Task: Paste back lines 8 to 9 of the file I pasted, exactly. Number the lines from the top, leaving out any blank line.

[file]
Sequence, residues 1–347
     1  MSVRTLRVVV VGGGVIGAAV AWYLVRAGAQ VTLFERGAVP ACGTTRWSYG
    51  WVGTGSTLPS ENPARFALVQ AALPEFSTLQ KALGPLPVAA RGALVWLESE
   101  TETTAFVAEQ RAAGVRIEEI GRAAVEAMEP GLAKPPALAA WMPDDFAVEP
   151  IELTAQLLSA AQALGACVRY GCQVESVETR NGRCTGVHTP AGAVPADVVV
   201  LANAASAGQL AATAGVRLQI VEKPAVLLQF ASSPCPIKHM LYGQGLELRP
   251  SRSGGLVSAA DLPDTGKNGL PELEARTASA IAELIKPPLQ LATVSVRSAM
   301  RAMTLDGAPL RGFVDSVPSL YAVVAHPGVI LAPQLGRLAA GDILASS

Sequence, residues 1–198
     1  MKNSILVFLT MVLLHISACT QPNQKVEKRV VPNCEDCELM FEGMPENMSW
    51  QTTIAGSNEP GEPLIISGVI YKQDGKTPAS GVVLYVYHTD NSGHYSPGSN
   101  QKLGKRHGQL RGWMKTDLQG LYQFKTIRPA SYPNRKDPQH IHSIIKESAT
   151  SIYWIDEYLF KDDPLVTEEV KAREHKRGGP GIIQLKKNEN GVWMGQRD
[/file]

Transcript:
   301  RAMTLDGAPL RGFVDSVPSL YAVVAHPGVI LAPQLGRLAA GDILASS

Sequence, residues 1–198